Realism in science needs to be more real

Reality: what a concept.

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If you follow this column, you know that Marcelo and I are deeply interested in what science – especially physics – tells us about the nature of reality. Does science give us perfect access to a perfectly objective reality that exists somewhere out there, independent of us? Or is there something in human nature that colors everything? This question particularly struck me two weeks ago when I was attending a fantastic three-day meeting at the University of California, Berkeley called “Buddhism, Physics, and Philosophy Redux.” I wrote a little about the meeting just before it happened. (You can read about it here.) Today I want to reflect on something that was reminded of me during the talks that always struck me as odd.

Throughout the meeting, the notion of realism kept coming up. Was this or that Buddhist philosopher realistic? Is this or that interpretation of quantum mechanics anti-realistic? These terms were casually thrown around, but I always felt like we were using them in the exact opposite sense of what they should mean. This requires an explanation.

A classic split

In philosophy, the term realism refers to the position that there is a world independent of us. The world is made up of things with their own inherent properties which can be known in themselves. Science offers the means to determine these properties. The term is often contrasted with idealism, which states that only a certain version of “mind” really exists – however you want to interpret that. True reality, according to idealism, corresponds to pure ideal abstractions. An example of this is Plato’s idea that only the mathematical form of circles really exists, not the shitty versions of circles that we apprehend through our shitty senses. This battle between realism and idealism has been going on for a long time. (Plato formalizes this in Western philosophy.) This creates a duality where if you are an idealist, you are also an anti-realist.

Now, I’m a scientist, and I’m not an idealist either, so I don’t like being called an anti-realist. (If I were a cowboy in a Wild West saloon, calling me an anti-realist would be a fight against words.) However, the way realism plays out in modern debates about the frontiers of science leaves me cold. I think he misses the mark. There are other ways of facing reality than the usual realist/idealist divide.

The abstractions of realism

The problem with realism right now is that it takes the abstractions used by science to describe experience and turns them into reality, even when there are major problems with that position. The wave function in quantum mechanics is the Ur example. The wave function is the mathematical object that physicists use to describe and predict the behavior of nanoscale phenomena like atoms. It is also the source of many quirks in quantum physics, such as particles being in two places at the same time. (Think of Schrödinger’s cat paradox.)

But that kind of weirdness only shows up when you’re realistic about the wave function. If you consider it something as real as tables or chairs, then yes, the electron can be in two places at once. In this case, you end up having to do some serious metaphysical yoga to warp yourself from the paradox of this position. Another example of this variant of a realist’s paradox comes with the universe of blocks, an aspect of Einstein’s theory of general relativity. According to this view, the four-dimensional nature of spacetime implies that all events – past and future – already exist and have always existed. This form of realistic narrative ends up eliminating the real nowwhich is the only thing that any of us actually experience.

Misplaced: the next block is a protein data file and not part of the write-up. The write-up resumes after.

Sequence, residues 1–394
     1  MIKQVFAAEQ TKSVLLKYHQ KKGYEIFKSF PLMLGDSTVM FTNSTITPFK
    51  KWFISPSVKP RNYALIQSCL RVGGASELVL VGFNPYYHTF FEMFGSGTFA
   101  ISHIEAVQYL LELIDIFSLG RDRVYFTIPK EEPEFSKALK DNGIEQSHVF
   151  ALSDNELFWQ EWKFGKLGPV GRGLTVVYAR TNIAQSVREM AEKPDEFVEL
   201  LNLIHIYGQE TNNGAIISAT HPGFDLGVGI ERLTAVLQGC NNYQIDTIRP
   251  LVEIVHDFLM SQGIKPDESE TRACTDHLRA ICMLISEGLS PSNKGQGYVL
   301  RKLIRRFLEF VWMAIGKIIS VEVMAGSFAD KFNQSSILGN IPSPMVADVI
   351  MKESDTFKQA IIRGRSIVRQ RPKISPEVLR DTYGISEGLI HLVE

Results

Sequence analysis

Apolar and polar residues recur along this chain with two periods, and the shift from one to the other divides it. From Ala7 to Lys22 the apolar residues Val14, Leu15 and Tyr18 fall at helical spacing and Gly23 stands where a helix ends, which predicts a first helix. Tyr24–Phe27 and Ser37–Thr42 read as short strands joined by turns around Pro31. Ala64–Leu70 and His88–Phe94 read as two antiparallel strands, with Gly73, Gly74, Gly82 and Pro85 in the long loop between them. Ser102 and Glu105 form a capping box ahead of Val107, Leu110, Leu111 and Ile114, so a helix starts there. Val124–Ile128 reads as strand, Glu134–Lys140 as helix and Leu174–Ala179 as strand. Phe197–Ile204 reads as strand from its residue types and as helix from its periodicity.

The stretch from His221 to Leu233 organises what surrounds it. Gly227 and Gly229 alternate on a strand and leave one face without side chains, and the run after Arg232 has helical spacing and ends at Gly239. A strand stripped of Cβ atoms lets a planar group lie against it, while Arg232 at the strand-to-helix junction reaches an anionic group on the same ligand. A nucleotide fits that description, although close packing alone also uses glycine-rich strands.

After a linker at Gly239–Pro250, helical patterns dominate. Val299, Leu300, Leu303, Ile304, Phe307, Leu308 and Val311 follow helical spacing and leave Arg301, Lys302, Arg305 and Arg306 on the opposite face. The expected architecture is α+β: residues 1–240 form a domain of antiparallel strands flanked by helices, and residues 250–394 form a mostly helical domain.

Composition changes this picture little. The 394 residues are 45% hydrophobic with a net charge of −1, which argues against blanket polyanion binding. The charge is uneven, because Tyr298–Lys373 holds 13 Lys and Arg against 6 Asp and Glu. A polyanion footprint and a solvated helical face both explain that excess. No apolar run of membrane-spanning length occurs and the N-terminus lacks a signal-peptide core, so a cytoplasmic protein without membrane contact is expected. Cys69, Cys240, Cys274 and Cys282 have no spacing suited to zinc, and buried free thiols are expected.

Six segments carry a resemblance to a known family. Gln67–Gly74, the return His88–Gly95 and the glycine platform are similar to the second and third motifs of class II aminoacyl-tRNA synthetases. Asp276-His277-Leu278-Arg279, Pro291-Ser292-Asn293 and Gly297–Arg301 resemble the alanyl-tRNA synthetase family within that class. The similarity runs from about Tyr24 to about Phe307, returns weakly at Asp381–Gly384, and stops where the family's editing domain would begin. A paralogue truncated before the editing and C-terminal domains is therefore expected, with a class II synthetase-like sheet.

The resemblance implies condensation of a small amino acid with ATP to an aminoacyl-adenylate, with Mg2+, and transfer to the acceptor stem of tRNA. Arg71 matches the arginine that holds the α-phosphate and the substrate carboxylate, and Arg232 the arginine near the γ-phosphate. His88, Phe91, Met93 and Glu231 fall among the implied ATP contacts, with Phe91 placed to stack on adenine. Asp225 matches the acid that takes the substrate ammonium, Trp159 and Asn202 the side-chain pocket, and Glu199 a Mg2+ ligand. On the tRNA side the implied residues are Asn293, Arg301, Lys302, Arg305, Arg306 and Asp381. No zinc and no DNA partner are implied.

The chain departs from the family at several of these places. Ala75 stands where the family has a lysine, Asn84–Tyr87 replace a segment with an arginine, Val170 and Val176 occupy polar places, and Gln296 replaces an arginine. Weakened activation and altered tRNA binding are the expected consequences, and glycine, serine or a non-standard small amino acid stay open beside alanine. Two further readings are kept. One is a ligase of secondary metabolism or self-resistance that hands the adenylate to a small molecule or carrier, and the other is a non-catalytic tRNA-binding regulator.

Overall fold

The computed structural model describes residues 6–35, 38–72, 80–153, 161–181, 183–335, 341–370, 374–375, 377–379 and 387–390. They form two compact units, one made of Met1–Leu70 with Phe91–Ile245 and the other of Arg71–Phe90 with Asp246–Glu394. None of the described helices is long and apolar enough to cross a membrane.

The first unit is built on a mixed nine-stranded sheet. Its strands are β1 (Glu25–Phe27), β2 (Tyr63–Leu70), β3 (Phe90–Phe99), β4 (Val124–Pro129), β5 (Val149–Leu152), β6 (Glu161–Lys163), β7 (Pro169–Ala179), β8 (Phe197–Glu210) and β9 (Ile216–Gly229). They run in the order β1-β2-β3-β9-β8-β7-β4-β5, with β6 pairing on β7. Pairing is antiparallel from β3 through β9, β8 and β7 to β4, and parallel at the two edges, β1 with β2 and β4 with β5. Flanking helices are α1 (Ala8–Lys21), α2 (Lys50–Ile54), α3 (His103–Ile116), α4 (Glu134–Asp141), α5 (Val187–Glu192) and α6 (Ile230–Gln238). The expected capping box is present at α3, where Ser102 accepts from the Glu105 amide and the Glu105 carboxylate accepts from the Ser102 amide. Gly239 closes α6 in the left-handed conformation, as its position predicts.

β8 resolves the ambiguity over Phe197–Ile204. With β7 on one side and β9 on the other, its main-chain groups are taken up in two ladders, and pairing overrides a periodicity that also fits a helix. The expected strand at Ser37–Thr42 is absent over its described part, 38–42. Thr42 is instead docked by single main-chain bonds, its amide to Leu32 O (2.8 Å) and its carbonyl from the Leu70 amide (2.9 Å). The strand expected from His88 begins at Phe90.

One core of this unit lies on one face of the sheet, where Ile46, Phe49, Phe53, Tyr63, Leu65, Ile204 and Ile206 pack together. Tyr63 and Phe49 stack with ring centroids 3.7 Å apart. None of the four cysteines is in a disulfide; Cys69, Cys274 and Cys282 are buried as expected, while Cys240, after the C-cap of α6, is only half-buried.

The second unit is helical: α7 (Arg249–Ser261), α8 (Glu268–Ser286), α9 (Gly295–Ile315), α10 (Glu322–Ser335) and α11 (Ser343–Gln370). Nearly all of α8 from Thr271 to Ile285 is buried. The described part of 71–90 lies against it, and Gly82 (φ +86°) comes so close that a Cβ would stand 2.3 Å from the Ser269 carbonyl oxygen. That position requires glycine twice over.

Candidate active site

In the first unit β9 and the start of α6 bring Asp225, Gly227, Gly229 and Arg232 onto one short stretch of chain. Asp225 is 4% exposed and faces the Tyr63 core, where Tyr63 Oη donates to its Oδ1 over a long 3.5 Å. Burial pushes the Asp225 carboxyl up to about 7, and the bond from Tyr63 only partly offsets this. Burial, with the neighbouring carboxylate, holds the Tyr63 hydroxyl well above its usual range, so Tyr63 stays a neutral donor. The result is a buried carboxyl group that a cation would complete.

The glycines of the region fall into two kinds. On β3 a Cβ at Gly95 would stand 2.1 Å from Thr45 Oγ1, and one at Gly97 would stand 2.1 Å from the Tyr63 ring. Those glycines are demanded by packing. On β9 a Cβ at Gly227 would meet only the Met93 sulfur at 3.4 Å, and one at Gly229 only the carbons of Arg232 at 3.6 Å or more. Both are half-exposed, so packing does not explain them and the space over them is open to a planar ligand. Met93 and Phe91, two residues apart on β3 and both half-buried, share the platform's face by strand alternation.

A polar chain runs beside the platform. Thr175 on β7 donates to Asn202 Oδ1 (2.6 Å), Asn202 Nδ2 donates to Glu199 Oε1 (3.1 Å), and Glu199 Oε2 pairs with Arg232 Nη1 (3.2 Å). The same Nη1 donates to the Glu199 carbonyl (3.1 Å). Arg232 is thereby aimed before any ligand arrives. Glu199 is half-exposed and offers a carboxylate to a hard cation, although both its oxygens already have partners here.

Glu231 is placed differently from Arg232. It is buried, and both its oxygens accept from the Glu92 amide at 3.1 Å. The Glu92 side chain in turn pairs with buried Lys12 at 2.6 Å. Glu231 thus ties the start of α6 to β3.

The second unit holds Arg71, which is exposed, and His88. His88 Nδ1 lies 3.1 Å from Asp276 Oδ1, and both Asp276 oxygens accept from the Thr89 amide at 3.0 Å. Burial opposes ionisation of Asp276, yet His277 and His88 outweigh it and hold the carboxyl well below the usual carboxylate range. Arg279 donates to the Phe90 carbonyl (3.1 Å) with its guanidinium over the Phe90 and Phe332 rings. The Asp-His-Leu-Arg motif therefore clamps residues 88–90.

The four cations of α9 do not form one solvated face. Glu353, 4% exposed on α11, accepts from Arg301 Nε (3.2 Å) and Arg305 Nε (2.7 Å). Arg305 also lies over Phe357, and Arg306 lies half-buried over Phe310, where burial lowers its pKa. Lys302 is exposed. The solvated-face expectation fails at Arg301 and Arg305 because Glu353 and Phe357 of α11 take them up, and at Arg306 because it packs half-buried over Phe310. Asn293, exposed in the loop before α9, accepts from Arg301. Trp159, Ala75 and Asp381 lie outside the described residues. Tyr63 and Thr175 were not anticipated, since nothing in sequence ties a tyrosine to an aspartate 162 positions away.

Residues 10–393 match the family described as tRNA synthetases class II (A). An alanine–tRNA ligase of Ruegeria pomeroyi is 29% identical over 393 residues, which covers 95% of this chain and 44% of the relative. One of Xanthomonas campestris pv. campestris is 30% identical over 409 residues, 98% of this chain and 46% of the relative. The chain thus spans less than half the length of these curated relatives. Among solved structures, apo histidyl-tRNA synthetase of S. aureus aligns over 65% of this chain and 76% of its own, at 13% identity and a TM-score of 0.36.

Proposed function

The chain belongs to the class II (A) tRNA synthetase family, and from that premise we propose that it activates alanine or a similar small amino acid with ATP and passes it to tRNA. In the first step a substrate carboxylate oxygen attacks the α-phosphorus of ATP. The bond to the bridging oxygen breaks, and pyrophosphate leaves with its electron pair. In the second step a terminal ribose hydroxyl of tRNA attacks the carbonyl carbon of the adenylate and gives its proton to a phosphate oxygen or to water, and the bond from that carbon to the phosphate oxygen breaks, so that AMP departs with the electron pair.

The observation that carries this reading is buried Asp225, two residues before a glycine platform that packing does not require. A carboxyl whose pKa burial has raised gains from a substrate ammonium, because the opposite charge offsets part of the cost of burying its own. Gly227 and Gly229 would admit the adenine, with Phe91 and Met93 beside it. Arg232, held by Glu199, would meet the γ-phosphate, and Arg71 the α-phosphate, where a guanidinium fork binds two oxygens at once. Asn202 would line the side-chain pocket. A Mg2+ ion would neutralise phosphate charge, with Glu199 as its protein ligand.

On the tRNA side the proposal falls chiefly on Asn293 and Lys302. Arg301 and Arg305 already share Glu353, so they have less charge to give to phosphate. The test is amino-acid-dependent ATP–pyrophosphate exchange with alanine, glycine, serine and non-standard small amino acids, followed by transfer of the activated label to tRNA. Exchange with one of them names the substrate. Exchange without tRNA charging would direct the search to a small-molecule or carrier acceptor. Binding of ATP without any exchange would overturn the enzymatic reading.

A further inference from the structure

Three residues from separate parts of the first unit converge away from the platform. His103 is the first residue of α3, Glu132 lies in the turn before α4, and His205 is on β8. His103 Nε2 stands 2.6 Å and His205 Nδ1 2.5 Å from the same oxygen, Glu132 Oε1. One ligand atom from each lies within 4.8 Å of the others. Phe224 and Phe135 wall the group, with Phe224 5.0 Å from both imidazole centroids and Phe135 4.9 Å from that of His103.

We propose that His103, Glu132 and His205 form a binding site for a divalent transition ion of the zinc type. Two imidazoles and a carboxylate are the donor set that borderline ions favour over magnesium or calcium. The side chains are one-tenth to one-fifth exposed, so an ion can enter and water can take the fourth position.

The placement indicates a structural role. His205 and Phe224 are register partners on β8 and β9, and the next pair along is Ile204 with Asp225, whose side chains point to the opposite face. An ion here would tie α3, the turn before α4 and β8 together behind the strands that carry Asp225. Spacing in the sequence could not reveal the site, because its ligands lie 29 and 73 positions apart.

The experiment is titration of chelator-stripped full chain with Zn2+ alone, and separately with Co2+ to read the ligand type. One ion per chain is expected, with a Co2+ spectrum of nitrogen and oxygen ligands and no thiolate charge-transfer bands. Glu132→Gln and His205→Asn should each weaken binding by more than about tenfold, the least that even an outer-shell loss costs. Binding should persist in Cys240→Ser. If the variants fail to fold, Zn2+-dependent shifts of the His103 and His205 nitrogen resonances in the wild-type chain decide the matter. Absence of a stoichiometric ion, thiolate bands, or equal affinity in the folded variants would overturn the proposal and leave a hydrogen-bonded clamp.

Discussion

The errors of realism

The great mathematician and philosopher Alfred North Whitehead called this type of thinking “the fallacy of the misplaced concrete.” In this case, the so-called realists prefer the abstractions that we scientists use to describe our experiences rather than the concrete. This confuses the map with the terrain. The map is what we construct to help us make sense of scientific experience (experiments, observations, etc.), but it’s still based on the more fundamental, basic experience of just, you know, being alive. Understanding this opens up a perspective that can take us beyond the usual realist/idealist divide. Constructing such a view opens us up to philosophies that go by names like phenomenology or pragmatism, as well as the ideas of Buddhist philosophers like Nagarjuna.

I most certainly believe that there is a world without us. But the descriptions we create with science can never be independent of our point of view. They cannot be separated from our experience as embodied human beings, each of us using languages ​​learned from human communities. From this point of view, science is not objective because it points to an ideal fairyland seen by the eyes of God. Instead, science is objective because it allows us to create maps that we can test together by comparing them to the results of experiments.

As far as I’m concerned, it’s real realism, OG realism. Anything less leaves you with perfect, hermetically sealed accounts of an independent reality that has no room for life and breath experience. He ends up tortured by unreal paradoxes.

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